Pakistan

UAE rolls over $2 billion loan to Pakistan, confirms Dar

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Finance Minister Ishaq Dar confirmed on Thursday that the Abu Dhabi Fund for Development (ADFD) has rolled over their deposit of $2 billion with the State Bank of Pakistan (SBP).

The finance minister made the announcement in a tweet on his official Twitter handle.

“Abu Dhabi Fund for Development (ADFD) has rolled over their deposit of $2billion with State Bank of Pakistan, as discussed by PM Shehbaz Sharif with His Highness the President of UAE during last week’s official visit. Long live Pak-UAE friendship!” read the tweet.

Abu Dhabi Fund for Development (ADFD) has rolled over their deposit of
$2billion with State Bank of Pakistan, as discussed by #PM @CMShehbaz with His Highness the President of UAE during last week’s official visit to 🇦🇪!
Long live Pak-UAE friendship!
— Ishaq Dar (@MIshaqDar50) January 18, 2023

Last week, the United Arab Emirates (UAE) agreed to provide a $3 billion lifeline to Pakistan in the shape of a rollover of the existing debt and new financing – helping Islamabad avoid defaulting on its loans for a couple of more months.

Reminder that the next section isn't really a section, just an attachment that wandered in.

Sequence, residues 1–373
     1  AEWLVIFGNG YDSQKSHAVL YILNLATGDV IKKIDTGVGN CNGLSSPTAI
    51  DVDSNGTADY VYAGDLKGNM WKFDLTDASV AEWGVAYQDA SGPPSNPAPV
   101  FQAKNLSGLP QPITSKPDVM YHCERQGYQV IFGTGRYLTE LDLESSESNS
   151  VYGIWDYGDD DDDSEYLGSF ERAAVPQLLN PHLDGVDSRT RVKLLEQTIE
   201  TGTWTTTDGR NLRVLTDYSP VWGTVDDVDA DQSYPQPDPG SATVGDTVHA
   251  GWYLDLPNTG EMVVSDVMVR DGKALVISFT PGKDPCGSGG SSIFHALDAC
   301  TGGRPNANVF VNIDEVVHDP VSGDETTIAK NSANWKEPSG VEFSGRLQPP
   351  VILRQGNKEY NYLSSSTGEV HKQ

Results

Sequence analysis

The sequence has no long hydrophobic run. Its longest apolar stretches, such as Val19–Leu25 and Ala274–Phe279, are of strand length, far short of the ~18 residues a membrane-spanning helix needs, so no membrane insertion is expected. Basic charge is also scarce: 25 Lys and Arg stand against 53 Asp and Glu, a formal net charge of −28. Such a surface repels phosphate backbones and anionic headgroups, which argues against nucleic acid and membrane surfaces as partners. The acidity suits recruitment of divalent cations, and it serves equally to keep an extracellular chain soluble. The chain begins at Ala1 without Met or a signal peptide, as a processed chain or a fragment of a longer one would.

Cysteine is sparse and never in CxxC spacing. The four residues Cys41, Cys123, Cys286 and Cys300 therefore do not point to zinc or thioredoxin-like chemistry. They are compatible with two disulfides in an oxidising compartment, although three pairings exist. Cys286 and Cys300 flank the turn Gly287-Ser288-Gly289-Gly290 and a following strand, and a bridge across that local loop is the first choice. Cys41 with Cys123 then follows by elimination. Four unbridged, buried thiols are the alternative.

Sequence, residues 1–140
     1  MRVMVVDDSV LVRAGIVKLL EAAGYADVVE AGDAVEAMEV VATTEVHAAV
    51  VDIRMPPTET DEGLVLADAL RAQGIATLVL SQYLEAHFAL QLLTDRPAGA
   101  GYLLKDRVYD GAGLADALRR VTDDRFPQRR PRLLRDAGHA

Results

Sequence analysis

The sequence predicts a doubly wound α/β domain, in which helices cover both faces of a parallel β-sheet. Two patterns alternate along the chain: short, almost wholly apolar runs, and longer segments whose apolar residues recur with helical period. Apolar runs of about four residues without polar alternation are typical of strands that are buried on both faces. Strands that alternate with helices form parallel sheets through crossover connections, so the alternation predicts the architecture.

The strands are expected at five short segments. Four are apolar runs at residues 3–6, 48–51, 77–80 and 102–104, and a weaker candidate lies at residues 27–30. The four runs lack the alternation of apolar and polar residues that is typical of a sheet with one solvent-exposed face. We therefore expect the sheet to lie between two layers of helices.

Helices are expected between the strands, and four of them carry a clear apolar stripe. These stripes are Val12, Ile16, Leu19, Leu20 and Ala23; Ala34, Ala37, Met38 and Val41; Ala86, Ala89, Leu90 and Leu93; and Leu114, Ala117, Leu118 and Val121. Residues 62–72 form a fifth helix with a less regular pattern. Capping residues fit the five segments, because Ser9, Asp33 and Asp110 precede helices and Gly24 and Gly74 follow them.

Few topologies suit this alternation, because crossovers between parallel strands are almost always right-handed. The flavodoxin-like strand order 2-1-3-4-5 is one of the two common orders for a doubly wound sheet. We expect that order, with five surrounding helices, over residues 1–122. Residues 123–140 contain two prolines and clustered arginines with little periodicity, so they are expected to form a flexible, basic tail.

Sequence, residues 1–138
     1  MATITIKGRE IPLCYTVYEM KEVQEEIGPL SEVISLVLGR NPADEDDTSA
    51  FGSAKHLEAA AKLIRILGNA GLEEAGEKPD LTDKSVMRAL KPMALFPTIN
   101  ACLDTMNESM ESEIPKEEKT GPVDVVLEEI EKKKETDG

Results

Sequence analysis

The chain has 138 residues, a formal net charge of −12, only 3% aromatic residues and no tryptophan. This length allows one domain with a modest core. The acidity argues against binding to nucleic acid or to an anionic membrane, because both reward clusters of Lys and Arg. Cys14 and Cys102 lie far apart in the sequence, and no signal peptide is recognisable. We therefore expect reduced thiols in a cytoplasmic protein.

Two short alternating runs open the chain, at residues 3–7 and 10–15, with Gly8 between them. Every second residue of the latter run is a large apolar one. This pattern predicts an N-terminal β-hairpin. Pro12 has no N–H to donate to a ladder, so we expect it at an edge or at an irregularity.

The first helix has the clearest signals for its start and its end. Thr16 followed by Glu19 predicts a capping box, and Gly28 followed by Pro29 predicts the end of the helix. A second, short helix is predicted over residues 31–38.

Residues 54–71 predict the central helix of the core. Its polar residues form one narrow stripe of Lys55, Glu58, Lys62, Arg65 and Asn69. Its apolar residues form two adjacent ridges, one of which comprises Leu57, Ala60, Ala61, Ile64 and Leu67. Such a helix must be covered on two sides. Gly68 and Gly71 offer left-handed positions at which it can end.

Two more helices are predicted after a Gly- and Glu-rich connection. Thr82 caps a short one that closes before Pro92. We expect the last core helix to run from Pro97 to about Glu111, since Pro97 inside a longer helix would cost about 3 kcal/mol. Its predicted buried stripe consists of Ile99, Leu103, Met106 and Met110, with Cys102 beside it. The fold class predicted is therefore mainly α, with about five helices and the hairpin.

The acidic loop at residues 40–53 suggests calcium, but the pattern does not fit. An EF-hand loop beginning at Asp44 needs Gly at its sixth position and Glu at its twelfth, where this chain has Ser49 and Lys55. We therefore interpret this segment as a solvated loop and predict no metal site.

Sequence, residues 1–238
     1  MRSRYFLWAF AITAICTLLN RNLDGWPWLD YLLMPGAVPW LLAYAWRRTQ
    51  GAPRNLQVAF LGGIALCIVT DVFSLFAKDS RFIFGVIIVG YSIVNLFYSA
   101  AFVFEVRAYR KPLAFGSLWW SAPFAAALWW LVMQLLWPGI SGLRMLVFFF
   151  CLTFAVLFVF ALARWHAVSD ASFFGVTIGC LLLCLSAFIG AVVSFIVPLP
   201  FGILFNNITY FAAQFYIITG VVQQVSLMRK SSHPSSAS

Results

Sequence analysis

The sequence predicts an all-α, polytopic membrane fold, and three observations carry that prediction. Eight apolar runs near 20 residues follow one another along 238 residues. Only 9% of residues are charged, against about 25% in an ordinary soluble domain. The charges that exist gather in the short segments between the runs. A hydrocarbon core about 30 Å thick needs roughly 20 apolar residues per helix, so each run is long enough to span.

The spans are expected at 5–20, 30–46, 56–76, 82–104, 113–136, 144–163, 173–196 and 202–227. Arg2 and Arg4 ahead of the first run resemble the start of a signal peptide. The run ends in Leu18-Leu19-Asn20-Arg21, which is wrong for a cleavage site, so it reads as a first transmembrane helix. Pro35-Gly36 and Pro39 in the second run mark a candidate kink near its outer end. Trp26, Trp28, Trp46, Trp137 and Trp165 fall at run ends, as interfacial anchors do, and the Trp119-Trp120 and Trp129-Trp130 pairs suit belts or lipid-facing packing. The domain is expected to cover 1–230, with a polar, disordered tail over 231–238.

The development comes as the country faces a daunting challenge to make $13 billion debt repayments in six months.

The Gulf state made the decision to defer the maturing $2 billion and hand over another $1 billion in additional loan to Pakistan during a meeting between Prime Minister Shehbaz Sharif and UAE President Sheikh Mohamed bin Zayed Al Nahyan, according to the PM’s Office.

The $3 billion lifeline has provided some breathing space to Pakistan, but it has not permanently ended the threat of sovereign default due to huge external debt repayments with less than $4.3 billion reserves in hand.

Read State-owned companies to be offered to UAE

Pakistan is required to make over $13 billion in external debt repayments from January to June 2023 and the UAE’s decision will lower the needs by less than one-fourth of the total.

The government will have to strive hard for the revival of the International Monetary Fund (IMF) loan programme if it wants the default threat to abate permanently.

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